Despite reforms to the hukou household registration system and the very large rural-urban migration experienced in China, rural households are still experiencing a risk of losing their land allocation if they migrate. We argue that this risk leads to an inefficient rental market with low rents and is an impediment to migration, with consequent over-employment in agriculture and low productivity.
The sharp rise of house prices in China’s Tier-1 cities has fostered a great deal of commentary about the possibility of bubbles forming there. However, China’s unique housing market characteristics make it difficult to assess the macroeconomic severity of bursting bubbles, even if they exist. These characteristics include the setting of land supply and prices by the government, among many others. This paper looks at proposals to shore up the mortgage underwriting and legal infrastructure to help China withstand the impact of falling prices, should this occur.
We predict and analyze provincial-level healthy life expectancy for 31 provinces of China in 2015. Using data from a wide range of countries, we construct a predictive regression model based on socioeconomic variables such as GDP per capita, health and education expenditures, and the number of hospital beds. We find substantial regional health disparities, with healthy life expectancy varying by up to 10 years between different provinces for both men and women.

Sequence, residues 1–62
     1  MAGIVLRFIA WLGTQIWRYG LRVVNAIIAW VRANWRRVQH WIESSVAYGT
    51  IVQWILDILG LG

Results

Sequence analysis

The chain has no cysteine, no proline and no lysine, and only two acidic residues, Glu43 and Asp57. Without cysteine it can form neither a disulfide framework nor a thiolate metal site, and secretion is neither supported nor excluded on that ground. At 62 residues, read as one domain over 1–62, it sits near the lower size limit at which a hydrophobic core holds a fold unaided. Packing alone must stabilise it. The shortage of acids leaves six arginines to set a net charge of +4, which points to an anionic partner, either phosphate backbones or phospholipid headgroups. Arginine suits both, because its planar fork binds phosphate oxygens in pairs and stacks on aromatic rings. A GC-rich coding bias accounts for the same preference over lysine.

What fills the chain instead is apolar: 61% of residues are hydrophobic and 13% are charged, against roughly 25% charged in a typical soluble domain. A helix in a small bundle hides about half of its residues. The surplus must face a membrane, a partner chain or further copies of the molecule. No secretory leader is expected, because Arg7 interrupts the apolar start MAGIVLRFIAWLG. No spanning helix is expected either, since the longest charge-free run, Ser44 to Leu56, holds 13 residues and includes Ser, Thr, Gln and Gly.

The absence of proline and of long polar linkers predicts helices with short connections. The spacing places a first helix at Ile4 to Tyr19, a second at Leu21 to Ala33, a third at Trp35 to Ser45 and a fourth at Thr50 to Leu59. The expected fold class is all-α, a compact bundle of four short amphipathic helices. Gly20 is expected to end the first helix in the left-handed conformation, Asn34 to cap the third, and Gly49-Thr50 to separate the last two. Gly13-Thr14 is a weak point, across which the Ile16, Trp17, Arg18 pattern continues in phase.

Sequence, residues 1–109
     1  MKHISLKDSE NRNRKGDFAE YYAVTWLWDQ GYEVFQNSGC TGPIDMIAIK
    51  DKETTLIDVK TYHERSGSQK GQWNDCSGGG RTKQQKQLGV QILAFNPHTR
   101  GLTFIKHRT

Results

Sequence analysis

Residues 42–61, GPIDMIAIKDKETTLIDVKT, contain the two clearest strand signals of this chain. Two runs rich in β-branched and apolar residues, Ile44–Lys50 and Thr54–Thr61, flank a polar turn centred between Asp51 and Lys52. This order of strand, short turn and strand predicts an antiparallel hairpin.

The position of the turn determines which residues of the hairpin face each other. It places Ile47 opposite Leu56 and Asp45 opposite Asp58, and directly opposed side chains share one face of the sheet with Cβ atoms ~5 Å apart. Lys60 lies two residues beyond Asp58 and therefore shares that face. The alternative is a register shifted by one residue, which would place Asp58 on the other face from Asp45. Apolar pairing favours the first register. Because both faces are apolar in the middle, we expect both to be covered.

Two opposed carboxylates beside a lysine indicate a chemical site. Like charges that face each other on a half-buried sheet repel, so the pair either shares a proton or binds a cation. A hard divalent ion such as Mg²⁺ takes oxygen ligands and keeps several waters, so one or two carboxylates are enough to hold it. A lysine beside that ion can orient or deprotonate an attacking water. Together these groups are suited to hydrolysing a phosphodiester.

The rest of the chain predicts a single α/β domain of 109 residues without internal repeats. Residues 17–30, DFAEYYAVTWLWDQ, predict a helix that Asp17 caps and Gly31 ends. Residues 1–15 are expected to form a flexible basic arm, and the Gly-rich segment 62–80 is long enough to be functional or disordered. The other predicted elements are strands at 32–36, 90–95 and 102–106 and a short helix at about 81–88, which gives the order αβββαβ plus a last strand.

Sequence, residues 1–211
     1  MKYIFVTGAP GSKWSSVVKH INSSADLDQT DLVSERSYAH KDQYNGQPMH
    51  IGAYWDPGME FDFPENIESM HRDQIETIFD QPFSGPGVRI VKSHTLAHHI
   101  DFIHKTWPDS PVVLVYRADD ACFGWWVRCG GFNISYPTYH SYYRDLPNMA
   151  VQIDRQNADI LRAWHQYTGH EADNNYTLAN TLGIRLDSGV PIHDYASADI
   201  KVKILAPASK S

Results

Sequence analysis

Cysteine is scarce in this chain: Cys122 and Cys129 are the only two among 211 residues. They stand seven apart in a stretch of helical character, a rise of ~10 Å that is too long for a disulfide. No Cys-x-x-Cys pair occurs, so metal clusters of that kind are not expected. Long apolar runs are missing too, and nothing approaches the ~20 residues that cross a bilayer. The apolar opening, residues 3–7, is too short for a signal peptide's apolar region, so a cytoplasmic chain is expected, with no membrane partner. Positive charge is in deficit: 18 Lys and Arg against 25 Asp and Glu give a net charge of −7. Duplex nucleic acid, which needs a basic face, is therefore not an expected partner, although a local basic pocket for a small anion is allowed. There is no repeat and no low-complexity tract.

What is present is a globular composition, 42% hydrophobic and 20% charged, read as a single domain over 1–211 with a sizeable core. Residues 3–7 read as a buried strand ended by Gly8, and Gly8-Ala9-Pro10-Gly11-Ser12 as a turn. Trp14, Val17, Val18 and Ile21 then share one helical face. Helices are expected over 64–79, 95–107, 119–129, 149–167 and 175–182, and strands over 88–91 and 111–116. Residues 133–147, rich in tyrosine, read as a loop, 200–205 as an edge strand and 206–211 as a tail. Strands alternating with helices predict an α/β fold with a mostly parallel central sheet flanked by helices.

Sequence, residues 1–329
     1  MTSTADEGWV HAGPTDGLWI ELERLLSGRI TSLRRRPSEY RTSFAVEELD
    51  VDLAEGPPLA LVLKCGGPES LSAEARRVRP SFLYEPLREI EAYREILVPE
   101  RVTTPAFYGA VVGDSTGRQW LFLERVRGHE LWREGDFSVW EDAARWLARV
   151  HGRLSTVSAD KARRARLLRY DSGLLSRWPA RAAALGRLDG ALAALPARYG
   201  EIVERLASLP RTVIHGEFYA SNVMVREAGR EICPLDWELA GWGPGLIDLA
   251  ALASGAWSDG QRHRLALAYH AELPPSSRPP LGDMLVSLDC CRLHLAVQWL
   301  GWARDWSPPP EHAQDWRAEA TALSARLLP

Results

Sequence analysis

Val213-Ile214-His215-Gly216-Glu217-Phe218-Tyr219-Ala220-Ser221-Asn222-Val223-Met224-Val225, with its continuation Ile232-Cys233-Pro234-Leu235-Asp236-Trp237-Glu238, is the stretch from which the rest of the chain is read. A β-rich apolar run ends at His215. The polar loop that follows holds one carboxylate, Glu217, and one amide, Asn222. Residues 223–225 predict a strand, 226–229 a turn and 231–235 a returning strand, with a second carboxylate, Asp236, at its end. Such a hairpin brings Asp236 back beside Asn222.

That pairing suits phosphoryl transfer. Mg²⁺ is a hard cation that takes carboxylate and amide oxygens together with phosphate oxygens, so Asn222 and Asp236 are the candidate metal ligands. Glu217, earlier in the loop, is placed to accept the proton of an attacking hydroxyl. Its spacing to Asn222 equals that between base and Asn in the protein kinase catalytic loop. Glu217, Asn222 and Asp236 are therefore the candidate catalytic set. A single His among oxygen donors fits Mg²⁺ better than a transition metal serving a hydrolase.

Dr. Qing Ba from Hong Kong Exchanges and Professor Frank M. Song from the University of Hong Kong discuss the role of offshore debt issuance in the improvement of Chinese issuers’ creditability and transparency. China has the third largest bond market in the world. However, the absence of an accurate local rating and pricing system deepen the risks in domestic debt sectors. Our recent research finds that after Chinese corporates issue bonds in the offshore market, thus binding themselves to stricter market discipline and information disclosure requirements, the rating and disclosed information from offshore issuance may be of a greater reference value in the assessment of Chinese corporates’ credibility. This in turn leads to a signaling effect on their subsequent domestic debt financing. In addition to providing cheap funding, offshore debt issuance could bring about improvements in the creditability and transparency of Chinese issuers. This is of critical importance in pricing China’s credit risk and enhancing the soundness of China’s bond market.
Although studies on economic inequality and intergenerational mobility have gained traction in the last decade, little is known about the temporal changes in the intergenerational association of economic status, especially in developing and transitional economies. We find an increasing pattern in intergenerational income persistence across China’s transitional period. To promote intergenerational mobility, the Chinese government should continue to remove rural-urban migration barriers and initiate various programs to subsidize the education of children from disadvantaged families, known as the “left-behind” children.